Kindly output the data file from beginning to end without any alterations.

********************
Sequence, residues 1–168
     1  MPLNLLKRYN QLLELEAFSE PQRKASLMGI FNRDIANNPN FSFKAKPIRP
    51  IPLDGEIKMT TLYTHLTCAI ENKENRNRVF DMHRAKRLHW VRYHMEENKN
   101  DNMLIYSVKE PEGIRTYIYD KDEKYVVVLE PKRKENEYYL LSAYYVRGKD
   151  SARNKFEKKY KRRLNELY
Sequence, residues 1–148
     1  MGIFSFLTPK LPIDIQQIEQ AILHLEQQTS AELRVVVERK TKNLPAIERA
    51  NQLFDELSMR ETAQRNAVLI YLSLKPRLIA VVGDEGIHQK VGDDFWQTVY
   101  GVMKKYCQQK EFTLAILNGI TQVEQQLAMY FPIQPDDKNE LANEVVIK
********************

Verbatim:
Sequence, residues 1–168
     1  MPLNLLKRYN QLLELEAFSE PQRKASLMGI FNRDIANNPN FSFKAKPIRP
    51  IPLDGEIKMT TLYTHLTCAI ENKENRNRVF DMHRAKRLHW VRYHMEENKN
   101  DNMLIYSVKE PEGIRTYIYD KDEKYVVVLE PKRKENEYYL LSAYYVRGKD
   151  SARNKFEKKY KRRLNELY
Sequence, residues 1–148
     1  MGIFSFLTPK LPIDIQQIEQ AILHLEQQTS AELRVVVERK TKNLPAIERA
    51  NQLFDELSMR ETAQRNAVLI YLSLKPRLIA VVGDEGIHQK VGDDFWQTVY
   101  GVMKKYCQQK EFTLAILNGI TQVEQQLAMY FPIQPDDKNE LANEVVIK